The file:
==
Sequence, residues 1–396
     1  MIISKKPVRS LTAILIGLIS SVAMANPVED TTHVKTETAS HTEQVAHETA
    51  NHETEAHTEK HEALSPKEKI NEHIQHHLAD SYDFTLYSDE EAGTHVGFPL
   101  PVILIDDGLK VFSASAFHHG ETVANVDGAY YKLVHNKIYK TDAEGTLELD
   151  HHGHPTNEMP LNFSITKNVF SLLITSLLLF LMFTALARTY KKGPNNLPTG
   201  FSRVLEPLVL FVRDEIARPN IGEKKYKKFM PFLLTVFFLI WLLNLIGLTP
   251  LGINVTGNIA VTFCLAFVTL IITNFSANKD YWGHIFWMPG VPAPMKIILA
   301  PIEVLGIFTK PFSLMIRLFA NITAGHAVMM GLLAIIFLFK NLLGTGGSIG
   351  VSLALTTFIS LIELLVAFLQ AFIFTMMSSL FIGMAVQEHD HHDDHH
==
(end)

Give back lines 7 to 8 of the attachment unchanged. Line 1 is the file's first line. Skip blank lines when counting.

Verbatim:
   251  LGINVTGNIA VTFCLAFVTL IITNFSANKD YWGHIFWMPG VPAPMKIILA
   301  PIEVLGIFTK PFSLMIRLFA NITAGHAVMM GLLAIIFLFK NLLGTGGSIG